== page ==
When/why (not) to use Tantalum capacitors. Pros, cons, alternatives
A few weeks ago I worked through the Altium SMPS design course from FEDEVEL academy and that little project left me with an unresolved question. Somehow I got the idea in the past few years that tantalum capacitors are to be avoided, never really knowing why. Yet try to find a 330uF, 6.3V capacitor with ~4mOhm ESR and you’ll find that tantalum is basically the only option. So I wanted to start a discussion about tantalum caps with the main questions being:
– When and why to use tantalum capacitors?
– Why avoid using tantalum capacitors?
– Alternatives to tantalum capacitors with pros and cons.
I did some quick research already and here’s summary of what I’ve found so far
Why and when to use tantalum capacitors?
Tantalum is used to create small sized capacitors with ‘large’ capacitance. Compared to other materials the oxide layer can be quite thin. So for all applications where pcb space is limited (e.g. mobile phones) they are the to go to type of capacitor when ceramic doesn’t cut it anymore.
Also tantalum capacitors can be created with quite small ESR. This is why they are used a lot in (local) switched power supplies as bulk capacitor. Ceramics have even lower ESR, but in power supply regulators that might be too low for loop stability.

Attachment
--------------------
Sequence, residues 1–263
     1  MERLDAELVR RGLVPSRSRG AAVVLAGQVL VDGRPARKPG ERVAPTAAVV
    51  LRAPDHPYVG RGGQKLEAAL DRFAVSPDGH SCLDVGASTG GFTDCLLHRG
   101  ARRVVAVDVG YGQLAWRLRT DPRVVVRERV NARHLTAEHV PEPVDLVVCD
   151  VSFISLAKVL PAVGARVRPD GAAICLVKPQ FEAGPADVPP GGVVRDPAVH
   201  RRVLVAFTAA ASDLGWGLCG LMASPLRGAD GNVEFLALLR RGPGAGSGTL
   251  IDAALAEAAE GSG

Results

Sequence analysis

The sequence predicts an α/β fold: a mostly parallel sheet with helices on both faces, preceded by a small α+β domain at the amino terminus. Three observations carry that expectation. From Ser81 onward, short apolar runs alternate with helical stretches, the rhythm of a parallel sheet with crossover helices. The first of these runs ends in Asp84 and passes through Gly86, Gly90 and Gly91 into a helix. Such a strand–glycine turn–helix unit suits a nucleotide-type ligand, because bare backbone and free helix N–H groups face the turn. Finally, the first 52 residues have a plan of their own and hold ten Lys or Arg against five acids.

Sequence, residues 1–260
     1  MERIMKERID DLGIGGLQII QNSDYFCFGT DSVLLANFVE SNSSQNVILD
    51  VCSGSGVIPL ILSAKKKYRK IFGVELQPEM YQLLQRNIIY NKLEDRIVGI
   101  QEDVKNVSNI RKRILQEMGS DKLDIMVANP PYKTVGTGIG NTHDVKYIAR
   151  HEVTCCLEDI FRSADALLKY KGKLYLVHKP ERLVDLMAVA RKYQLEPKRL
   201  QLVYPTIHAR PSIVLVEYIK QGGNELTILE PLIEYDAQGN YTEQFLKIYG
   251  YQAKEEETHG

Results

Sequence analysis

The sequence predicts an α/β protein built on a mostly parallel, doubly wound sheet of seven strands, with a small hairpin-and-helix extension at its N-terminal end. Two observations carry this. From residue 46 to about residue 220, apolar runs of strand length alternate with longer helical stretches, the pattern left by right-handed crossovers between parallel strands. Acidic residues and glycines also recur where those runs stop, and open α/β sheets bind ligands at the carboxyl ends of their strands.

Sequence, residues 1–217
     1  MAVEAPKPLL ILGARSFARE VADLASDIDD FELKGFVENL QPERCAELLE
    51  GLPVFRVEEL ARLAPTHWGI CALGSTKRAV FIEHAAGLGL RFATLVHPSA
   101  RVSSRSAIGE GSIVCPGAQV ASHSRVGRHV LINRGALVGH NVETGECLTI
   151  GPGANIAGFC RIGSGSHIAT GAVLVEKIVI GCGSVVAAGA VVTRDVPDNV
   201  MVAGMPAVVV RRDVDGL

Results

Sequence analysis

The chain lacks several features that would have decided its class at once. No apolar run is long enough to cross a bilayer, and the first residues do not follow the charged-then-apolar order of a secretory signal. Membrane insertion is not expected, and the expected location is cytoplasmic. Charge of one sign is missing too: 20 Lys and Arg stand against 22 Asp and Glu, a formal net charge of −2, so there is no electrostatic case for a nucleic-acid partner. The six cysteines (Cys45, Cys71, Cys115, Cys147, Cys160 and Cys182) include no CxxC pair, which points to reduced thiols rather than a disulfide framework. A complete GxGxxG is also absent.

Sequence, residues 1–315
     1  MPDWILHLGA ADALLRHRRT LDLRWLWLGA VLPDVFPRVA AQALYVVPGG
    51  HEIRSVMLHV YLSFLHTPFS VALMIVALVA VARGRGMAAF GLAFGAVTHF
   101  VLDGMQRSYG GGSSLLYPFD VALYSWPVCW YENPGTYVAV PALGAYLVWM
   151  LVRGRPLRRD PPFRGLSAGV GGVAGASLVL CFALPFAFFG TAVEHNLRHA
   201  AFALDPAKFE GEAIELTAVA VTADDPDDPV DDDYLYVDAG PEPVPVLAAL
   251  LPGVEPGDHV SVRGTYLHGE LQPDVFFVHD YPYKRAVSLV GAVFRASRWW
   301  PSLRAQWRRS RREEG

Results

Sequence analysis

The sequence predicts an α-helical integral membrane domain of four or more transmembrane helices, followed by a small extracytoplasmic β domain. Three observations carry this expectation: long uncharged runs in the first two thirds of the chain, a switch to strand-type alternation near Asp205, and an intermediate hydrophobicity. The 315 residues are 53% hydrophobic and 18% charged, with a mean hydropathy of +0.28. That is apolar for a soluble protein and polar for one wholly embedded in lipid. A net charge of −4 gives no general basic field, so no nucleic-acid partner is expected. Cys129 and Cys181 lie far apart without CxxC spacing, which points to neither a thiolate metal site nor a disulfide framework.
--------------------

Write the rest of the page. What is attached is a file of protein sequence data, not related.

Why avoid using tantalum capacitors?
From what I can find these are the main reasons to avoid tantalum capacitors in your design:
Tantalum capacitors are relatively expensive even when supply and demand are balanced. Not too long ago prices went sky high due to a shortage in raw materials.
There are numerous reports of tantalum capacitors spontaneously combusting. I haven’t read into this any further, but I take it some forum members can elaborate on this.
Since some of the major tantalum ore (columbite-tantalite / coltan) mines are located in conflict zones (e.g. Democratic Republic of Congo) so one can argue that tantalum is a conflict mineral. I’m not sure though to what extent that still counts today as there are major mines elsewhere in the world too.
Tantalum is a heavy metal and as such toxic and not really well for the environment. I did find a paper by AVX that discussed ‘green’ tantalum technology though.
Alternatives to tantalum capacitors and pros and cons?
Apart from being mentioned I haven’t been able to find useful information yet, apart from that there is more Niobium ore available which should make Niobium caps cheaper. On the other hand Coltan is also used for mining Niobium so maybe the conflict argument could apply here too?
(Wet) Aluminum Electrolytic caps (Elco)
Specific low-ESR Elcos can be used. Larger values, larger ripple current rating, larger voltage ratings are some benefits. I must admit though that I realized that I haven’t seen SMT Elcos a lot outside consumer gear. Did I miss something?
Polymer (Solid) Aluminum caps
Used as in- or output bypass caps in SMPSs. Larger values only available in small voltage ratings. I don’t know by how much these must be derated though. Please tune in if you know more about this kind of caps.
Monolytic Ceramic caps
Larger voltage ratings, smaller derating, and higher ripple current ratings are among its benefits compared to tantalum caps. Since the ESR is much lower a small external resistance may be needed for loop stability in SMPS designs.